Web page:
A dramatic rescue by the FDNY saved two window washers trapped for about 90 minutes outside 1 World Trade Center Wednesday as winds buffeted a malfunctioning rig dangling precariously some 700 feet above the street.
Firefighters used a special diamond-toothed circular saw to cut a door-sized hole through two layers of glass and one of protective material so the workers could be gingerly pulled off the rocking rig to safety, officials said. Hundreds of tourists, construction and office workers watched the chain of events in awe from the ground and neighboring buildings.
"That is almost like getting off a boat, 68 stories up," said FDNY Lt. William Ryan of Rescue One, who was on the 68th floor and communicated to the men by using hand signals.
The window-washing rig was tilted into an almost vertical angle, with one worker at each end of the platform as it swayed outside the 68th and 69th floors, officials said.
The men were identified as Juan Lizama, 41, of New Jersey, and Juan Lopez, 33, of the Bronx.
Some shards of glass fell to the ground as the special saw cut through the window panes, but Ryan said most of the glass remained inside the building.
The high-wire drama outside the nation's tallest building began about 12:42 p.m. when fire officials said they received a 911 call. Once at the building, firefighters sent down 600 feet of special rope like that used for rock climbing, so the window washers could secure themselves to it with mountaineering carabiners. Lizama and Lopez had been linked to the rigging by safety harnesses, but if the platform had fallen they would have plummeted to their deaths.
Even at 600 feet in length, the rope was just enough to reach the men, with just 15 feet to spare on a building which, with its antenna, is 1,776 feet high. The rope also had attached to it a two-way radio, which the two men could use to communicate with FDNY units on the roof of the 104-story building. There, FDNY Capt. Brian Smith of Long Island was posted with units of Squad 18.
After they were pulled inside about 2:15 p.m., Lizama and Lopez thanked Ryan and the other rescuers before EMS personnel took them away on back boards.
Both men, while dressed in sturdy work clothes and boots, suffered mild hypothermia, officials said. They were treated and released from Bellevue Hospital Center, Ryan said.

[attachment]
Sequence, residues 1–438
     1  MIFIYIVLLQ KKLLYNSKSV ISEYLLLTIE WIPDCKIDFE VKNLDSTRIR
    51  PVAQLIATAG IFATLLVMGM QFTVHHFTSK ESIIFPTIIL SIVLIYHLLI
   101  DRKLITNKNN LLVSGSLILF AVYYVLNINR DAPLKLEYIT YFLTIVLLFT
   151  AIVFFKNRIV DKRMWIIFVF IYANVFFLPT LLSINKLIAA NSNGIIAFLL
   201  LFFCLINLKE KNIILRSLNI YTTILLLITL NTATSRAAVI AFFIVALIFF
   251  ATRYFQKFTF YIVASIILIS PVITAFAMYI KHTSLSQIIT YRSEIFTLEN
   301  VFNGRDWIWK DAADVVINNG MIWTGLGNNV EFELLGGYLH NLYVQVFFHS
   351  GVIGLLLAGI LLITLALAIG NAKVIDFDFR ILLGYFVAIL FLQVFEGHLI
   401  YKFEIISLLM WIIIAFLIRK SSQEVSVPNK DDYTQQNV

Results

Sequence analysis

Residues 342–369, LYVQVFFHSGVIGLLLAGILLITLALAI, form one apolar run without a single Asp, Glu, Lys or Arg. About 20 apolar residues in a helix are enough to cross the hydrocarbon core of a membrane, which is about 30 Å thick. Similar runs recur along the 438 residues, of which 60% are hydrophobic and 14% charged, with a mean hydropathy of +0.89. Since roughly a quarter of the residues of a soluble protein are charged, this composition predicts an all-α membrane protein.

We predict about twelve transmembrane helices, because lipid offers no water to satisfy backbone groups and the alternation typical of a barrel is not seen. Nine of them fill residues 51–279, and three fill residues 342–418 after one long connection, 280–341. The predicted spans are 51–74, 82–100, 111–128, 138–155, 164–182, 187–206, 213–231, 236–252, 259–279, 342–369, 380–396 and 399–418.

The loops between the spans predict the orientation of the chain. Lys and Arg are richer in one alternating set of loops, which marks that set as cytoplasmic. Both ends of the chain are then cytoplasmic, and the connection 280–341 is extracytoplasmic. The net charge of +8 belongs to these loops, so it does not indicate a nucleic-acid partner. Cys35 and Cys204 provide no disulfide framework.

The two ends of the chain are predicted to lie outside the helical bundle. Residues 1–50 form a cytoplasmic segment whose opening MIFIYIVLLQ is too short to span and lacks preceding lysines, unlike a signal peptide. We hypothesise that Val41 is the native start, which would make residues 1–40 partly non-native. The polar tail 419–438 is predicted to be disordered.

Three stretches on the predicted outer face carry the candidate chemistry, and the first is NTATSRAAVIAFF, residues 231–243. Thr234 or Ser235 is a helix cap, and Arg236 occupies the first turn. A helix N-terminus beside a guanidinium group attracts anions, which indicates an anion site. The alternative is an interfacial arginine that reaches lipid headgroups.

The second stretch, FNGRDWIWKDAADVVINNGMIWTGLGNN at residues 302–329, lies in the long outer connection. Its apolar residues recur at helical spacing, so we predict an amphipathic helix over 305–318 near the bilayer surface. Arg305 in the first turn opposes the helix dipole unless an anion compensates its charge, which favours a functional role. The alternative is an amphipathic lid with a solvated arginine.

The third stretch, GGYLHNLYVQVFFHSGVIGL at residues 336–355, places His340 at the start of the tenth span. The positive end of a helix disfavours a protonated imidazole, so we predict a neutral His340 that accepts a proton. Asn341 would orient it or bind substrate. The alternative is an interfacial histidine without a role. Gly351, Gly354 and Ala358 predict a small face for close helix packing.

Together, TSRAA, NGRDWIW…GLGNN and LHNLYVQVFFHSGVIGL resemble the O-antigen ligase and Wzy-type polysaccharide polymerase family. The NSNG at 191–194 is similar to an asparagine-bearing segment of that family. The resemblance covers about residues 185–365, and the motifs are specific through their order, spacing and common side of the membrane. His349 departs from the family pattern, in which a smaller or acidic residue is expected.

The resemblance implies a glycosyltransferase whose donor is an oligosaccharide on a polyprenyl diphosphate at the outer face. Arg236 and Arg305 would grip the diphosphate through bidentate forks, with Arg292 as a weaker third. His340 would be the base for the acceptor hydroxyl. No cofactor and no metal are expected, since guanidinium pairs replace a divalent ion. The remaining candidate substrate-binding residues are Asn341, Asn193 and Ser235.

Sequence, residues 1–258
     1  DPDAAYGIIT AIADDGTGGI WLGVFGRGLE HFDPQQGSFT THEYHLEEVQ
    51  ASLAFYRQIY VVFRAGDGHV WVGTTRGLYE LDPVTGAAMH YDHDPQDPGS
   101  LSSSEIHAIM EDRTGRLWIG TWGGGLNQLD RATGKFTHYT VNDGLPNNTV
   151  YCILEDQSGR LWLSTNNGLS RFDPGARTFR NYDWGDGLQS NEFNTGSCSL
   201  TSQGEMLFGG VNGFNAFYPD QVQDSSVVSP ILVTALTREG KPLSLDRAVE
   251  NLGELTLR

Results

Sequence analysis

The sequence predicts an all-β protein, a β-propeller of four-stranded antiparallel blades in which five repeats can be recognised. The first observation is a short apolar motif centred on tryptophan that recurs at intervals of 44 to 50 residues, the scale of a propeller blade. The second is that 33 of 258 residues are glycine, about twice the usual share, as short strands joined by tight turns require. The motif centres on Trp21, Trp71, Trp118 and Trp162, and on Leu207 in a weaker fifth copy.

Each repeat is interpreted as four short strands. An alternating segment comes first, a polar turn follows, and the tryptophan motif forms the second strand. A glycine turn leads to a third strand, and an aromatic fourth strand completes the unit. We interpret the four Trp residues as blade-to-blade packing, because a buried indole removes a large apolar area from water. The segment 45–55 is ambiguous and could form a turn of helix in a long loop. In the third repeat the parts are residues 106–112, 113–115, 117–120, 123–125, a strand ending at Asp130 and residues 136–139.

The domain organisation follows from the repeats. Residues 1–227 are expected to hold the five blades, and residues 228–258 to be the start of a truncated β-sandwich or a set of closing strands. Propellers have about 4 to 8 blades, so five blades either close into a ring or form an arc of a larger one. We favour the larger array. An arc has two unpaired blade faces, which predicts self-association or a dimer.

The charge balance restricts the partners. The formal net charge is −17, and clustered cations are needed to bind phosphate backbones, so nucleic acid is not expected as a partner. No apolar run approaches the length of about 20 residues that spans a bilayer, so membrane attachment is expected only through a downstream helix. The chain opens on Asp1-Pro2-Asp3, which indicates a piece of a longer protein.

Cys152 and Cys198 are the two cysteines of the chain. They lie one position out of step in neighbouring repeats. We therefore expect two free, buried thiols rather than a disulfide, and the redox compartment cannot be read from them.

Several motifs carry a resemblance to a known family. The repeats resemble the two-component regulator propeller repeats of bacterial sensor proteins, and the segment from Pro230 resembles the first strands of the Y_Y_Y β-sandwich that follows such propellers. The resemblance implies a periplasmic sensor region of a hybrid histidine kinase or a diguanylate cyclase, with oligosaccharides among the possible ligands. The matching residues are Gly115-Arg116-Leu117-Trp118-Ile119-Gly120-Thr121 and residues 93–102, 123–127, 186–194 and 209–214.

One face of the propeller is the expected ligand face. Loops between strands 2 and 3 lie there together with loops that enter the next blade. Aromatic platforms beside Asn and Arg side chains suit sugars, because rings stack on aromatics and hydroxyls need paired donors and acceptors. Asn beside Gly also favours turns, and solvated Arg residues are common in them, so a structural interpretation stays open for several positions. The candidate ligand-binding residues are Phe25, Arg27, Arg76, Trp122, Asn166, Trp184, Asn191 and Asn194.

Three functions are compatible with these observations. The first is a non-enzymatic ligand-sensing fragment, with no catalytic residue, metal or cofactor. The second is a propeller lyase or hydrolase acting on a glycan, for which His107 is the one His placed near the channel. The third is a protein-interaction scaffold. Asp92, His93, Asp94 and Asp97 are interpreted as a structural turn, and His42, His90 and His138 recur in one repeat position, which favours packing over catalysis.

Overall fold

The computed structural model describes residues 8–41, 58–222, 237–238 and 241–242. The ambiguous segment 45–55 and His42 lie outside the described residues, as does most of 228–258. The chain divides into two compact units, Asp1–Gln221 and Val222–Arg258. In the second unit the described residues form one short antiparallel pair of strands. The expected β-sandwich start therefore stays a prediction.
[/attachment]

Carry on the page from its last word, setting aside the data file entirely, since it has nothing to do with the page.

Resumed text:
Felix Roque, the mayor of West New York, New Jersey, stopped by Lizama's home Wednesday night to say hello to him and offer the family support. Lizama's son Kevin sat outside and said his father was not home.
"You're going to be alright. You're going to be okay. It's hard on you, I understand," Roque told Kevin.
The young man declined to comment to reporters.
FDNY Commissioner Daniel Nigro said his department and Port Authority units have prepared for high-level rescues.
"They trained for this activity so they are more than ready to operate here," Nigro said about the World Trade Center, which was opened last week to its first tenants, nearly 200 workers for publisher Condé Nast.
In a statement, officials at the Port Authority, which owns the building, said the window-washing rig provided by Tractel was installed in August 2013 and had been in service since June.
The Port Authority said there had been no problems at 1 World Trade Center with the equipment and that it had been last inspected by state and local officials June 11.
Patrick Foye, executive director of the Port Authority, said a full investigation was under way and that all building-maintenance units would be shut down as a precaution until the probe is completed.
Officials at Tractel didn't return a call for comment.
John McDermott, president of the men's employer, Upgrade Services, thanked the first responders "for their swift response and professional rescue" and said the window washers "remained calm and awaited rescue in an extremely tense and precarious situation."
He said it appeared the crisis was caused by failure of the traction hoist brake mechanism that supports one side of the rig.
"This caused the scaffold to drift into an almost vertical position, leaving our men stranded until a rescue could be performed," he said.
The men are members of the Service Employees International Union Local 32BJ, which represents 70,000 building-service workers, including about 600 window cleaners in New York City. Union president Héctor Figueroa thanked firefighters and said he was "happy and relieved that our members . . . are safe and will be going home to their families tonight."
At ground level, authorities evacuated hundreds of people from the reflecting pools at the National September 11 Memorial plaza about 1:45 p.m. because of the possibility of debris falling from above.
UPS worker Edwin Marrero, 27, of the Bronx, was one of hundreds staring up at the dangling rig watching the drama unfold. "It's incredible, but scary. I feel for these guys. Anything can happen right now. I'm glued."
In Brookfield Place across from the tower, tourists and office workers couldn't stop watching.
"I hope those guys are strapped in good," said one Brooklyn man who had been in his parked car on West Street and saw the men from above. He didn't want to give his name. "I was checking out my new sunroof when I just looked up through the roof and saw the scaffold hanging. Those guys are dangling up there. I couldn't believe my eyes."
The scaffold was returned to a horizontal position about 4 p.m.
Nigro, the fire commissioner, praised his team. "The firefighters made a difficult operation simple. They are the best."
With Darran Simon, Maria Alvarez and Ivan Pereira